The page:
Monday, 1 March 2010

IEEE-THEMES --shameless self promotion--

I'm going to be presenting work at IEEE-THEMES, a workshop collocated with ICASSP, on March 15th in Dallas, TX. The talk is associated with an article to be published in the august issue of Select Topics in Signal Processing, which is a special issue on signal processing and social networks. Here's the title/abstract (note: link is to a preprint, camera-ready isn't due till after the talk so paper may well change a touch...) :

Abstract—This paper presents an extensive analysis of a sample of a social network of musicians. The network sample is first analyzed using standard complex network techniques to verify that it has similar properties to other web-derived complex networks. Content-based pairwise dissimilarity values between the musical data associated with the network sample are computed, and the relation- ship between those content-based distances and distances from network theory explored. Following this exploration, hybrid graphs and distance measures are constructed, and used to examine the community structure of the artist network. Finally, results of these investigations are presented and considered in the light of recommendation and discovery applications with these hybrid measures as their basis.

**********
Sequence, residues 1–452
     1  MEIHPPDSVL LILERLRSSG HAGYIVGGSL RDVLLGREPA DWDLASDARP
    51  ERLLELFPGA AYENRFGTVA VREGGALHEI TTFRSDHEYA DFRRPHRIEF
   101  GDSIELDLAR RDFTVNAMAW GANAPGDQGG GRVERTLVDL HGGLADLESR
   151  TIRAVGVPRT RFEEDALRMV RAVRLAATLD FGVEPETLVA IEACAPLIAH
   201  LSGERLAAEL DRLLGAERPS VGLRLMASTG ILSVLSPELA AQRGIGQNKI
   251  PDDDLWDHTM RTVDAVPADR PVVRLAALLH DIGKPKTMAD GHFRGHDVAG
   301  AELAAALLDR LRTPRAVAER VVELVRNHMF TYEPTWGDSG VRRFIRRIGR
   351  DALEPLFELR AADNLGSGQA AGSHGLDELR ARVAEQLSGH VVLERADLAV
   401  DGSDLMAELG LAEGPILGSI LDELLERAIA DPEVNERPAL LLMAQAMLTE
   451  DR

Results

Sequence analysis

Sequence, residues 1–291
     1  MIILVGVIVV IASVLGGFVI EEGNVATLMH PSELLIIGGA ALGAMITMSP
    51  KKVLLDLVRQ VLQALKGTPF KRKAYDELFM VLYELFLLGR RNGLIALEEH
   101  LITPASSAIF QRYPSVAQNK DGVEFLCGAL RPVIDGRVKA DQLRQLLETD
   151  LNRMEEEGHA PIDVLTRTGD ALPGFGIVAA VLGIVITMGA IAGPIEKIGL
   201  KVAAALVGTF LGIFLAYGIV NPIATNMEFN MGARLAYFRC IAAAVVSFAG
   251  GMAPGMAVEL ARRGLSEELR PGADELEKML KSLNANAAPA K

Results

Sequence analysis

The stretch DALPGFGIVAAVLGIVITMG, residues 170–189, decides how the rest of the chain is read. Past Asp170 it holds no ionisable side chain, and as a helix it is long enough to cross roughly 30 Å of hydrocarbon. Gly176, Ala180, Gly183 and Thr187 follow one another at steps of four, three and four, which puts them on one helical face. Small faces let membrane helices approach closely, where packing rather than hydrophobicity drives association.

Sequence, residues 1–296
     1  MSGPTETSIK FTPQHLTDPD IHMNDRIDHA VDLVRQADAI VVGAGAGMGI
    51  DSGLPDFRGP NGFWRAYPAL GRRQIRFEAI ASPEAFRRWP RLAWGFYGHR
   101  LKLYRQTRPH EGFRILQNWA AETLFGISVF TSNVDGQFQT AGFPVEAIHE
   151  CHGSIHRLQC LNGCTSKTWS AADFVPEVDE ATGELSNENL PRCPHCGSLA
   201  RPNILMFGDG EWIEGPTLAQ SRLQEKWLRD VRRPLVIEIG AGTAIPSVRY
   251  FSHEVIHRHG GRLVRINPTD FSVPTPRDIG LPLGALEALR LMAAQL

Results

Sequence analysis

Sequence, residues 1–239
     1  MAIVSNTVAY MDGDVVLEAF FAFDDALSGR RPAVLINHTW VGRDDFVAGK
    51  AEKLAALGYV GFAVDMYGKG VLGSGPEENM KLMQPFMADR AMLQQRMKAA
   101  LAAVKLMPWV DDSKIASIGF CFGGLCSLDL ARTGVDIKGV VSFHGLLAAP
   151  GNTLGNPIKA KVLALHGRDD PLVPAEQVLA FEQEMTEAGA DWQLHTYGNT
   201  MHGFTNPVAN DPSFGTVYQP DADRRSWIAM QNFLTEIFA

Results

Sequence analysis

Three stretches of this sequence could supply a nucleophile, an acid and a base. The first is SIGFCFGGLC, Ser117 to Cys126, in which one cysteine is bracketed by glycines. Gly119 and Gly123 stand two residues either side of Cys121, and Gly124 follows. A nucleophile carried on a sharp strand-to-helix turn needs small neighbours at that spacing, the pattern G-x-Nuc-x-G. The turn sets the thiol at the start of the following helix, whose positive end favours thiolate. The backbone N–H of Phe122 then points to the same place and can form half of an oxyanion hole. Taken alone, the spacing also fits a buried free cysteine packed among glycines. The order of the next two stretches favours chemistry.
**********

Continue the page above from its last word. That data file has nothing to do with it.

The paper mostly covers content that has been discussed elsewhere (much of it with Kurt Jacobson) refactored for a broader audience and with wider narratives in mind. That said there are some notable new findings in the paper as well. We have run another acoustic dissimilarity measure across the entire set (the 2009 MIREX entry in audio music similarity using marsyas) which for the most part confirms our earlier findings (that acoustic similarity and social similarity [mostly] aren't linearly correlated and that community genre labeling becomes more homogeneous [again, mostly] when using the audio sim as a weight). Additionally, we have broadened our comparison metrics to include an examination of the mutual information between the different dissimilarity sets. This also basically confirms our earlier findings, though mutual information provides a very satisfying level of nuance that is not possible from simply testing (using Pearsons) for linear correlation, especially given that our data is quite far from a normal distribution. So, if you're planning to be at ICASSP, I'd highly recommend IEEE-THEMES (the rest of the program looks to be very interesting as well...) and if you aren't going to be in Dallas, there are a few options for you.
  1. If you're in London right now, you can come to Goldsmiths today at 4pm to rm 144 in the main building, where I'll be giving a trail run of the talk.
  2. Slides (and perhaps some video) will be made available at some point (probably just after the talk is given).
  3. IEEE is running a pay-to-watch live stream of THEMES, so there's that as well.
Generally, if you're going to be in Dallas fr0m March 15-19, much discussion can happen in person. Also, between now and then I'll be doing some traveling (tomorrow till 6 March I'll be at UIUC, then from there till the 14th of March I'll be in San Diego) so if any readers are interested in some in person discussion and our locations overlap, let me know and perhaps something can be arranged.

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